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USDA to Close over 250 Offices

Secretary of Agriculture Tom Vilsack announced USDA's plans to overhaul the USDA agency’s operations. The “Blueprint for Stronger Service” is the result of a department-wide review of operations conducted as part of the administration's "Campaign to Cut Waste." Under the plan, 259 USDA domestic offices, facilities, labs and seven foreign offices will be closed. USDA estimates $140 million will be saved annually. Secretary Vilsack said, "The USDA, like families and businesses across the country, cannot continue to operate like we did 50 years ago. We must innovate, modernize and be better stewards of the taxpayers' dollars. We must build on the accomplishments of farm communities in 2011 with a stronger, more effective USDA in 2012 and beyond." The office closings include:

• Farm Service Agency (FSA): Consolidate 131 county offices in 32 states; more than 2,100 FSA offices remain throughout the United States.

• Foreign Agricultural Services (FAS): Close two country offices; more than 95 FAS offices remain throughout the world.

• Animal and Plant Health Inspection Service (APHIS): Close 15 APHIS offices in 11 states and five APHIS offices in five foreign countries; more than 560 APHIS offices remain throughout the United States and 55 remain throughout the world.

• Rural Development (RD): Close 43 area and sub offices in 17 states and U.S. territories; approximately 450 RD offices remain throughout the United States.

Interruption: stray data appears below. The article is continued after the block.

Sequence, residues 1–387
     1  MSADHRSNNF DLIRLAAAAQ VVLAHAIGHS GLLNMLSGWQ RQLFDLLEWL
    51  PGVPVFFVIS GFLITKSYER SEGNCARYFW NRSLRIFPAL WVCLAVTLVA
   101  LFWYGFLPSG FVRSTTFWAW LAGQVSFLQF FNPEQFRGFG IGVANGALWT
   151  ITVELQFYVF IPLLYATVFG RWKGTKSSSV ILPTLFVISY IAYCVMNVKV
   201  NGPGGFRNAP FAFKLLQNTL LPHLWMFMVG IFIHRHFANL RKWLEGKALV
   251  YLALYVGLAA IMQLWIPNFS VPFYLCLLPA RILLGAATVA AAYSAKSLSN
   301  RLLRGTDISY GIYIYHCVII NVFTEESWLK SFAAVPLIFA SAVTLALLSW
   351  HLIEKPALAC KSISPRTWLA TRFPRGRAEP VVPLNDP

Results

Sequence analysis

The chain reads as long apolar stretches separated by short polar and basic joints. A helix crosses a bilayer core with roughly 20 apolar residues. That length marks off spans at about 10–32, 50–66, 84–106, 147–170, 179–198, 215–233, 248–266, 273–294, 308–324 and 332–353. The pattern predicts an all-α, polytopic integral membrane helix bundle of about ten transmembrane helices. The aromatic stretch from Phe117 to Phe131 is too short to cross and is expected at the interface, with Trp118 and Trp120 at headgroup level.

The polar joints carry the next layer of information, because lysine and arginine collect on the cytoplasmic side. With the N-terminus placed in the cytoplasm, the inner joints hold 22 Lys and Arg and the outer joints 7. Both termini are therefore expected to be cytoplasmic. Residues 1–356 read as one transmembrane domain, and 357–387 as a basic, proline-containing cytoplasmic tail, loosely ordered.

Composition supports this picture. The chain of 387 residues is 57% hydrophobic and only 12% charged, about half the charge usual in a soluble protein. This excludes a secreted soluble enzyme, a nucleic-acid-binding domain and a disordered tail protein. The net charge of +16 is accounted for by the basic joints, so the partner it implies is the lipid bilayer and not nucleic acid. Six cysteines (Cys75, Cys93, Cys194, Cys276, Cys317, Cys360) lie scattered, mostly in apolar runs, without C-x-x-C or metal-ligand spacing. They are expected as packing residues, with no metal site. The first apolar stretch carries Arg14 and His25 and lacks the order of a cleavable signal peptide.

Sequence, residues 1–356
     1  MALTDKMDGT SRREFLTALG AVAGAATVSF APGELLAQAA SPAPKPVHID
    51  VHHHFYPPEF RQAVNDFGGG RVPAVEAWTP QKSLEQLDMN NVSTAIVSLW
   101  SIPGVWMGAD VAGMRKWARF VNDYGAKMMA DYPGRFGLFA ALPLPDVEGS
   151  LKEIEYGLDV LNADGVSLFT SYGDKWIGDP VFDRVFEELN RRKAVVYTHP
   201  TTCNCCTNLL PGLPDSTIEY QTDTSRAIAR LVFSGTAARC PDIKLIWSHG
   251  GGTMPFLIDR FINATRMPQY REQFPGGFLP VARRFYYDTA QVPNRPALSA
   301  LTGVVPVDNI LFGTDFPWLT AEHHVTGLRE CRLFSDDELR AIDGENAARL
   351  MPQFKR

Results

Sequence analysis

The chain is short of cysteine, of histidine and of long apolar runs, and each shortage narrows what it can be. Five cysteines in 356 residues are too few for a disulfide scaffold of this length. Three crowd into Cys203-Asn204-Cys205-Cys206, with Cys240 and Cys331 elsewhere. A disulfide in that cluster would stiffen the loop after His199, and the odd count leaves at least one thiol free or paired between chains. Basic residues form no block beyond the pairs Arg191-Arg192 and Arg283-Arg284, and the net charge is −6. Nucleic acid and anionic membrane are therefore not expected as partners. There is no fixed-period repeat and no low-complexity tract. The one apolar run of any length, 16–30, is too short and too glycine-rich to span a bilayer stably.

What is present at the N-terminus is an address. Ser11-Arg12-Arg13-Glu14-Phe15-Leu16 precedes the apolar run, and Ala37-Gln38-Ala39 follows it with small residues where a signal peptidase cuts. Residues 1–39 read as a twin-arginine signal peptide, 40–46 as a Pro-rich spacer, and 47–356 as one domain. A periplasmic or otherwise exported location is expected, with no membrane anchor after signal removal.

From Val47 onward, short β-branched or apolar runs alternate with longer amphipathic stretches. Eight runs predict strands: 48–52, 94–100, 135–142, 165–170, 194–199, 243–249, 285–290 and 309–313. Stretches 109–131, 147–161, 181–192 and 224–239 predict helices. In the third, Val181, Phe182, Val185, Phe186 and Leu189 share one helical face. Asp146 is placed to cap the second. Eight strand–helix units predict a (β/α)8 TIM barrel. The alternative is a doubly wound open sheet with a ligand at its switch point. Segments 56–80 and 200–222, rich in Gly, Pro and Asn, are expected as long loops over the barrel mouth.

• Natural Resources Conservation Service (NRCS): Close 24 soil survey offices in 21 states; more than 2,800 NRCS offices remain throughout the United States.

• Food Safety and Inspection Service (FSIS): Close five district offices in five states; 10 district offices remain throughout the United States.

• Agricultural Research Service (ARS): Close 12 programs at 10 locations; more than 240 programs remain throughout the United States.

• Food, Nutrition and Consumer Services (FNCS): Close 31 field offices in 28 states; 32 FNCS offices will remain throughout the United States.
Congress has cut USDA’s discretionary operating budget by more than $3 billion, approximately 12%, since 2010.

Ban on Brazilian Pork Lifted – USDA has lifted the ban on Brazilian pork imports. Six processing plants in the Brazilian state of Santa Catarina have been authorized by USDA to export their pork to the United States. This is the result of an agreement in 2010 between the United States and Brazil to settle the Brazilian cotton case against the U.S. cotton program. Part of the agreement was to begin the process to approve pork imports from Brazil. Santa Catarina was recognized by USDA in late 2010 as free of foot-and-mouth disease.

Obama Proposes New Export Agency – President Obama is asking Congress for the authority to create a new export agency by consolidating six agencies into one to “promote competitiveness, exports and American business.” The six agencies are: U.S. Department of Commerce’s core business and trade functions, the Small Business Administration, the Office of the U.S. Trade Representative (USTR), the Export-Import Bank, the Overseas Private Investment Corporation, and the U.S. Trade and Development Agency. The president said, “We live in a 21st century economy, but we’ve still got a government organized for the 20th century. Our economy has fundamentally changed — as has the world — but our government, our agencies have not. The needs of our citizens have fundamentally changed, but their government has not.” It estimated the merger would save $3 billion over 10 years and 1,000 to 2,000 federal jobs would be cut. The administration will face strong congressional opposition to including USTR in this proposal.

P. Scott Shearer
Vice President
Bockorny Group
Washington, D.C.





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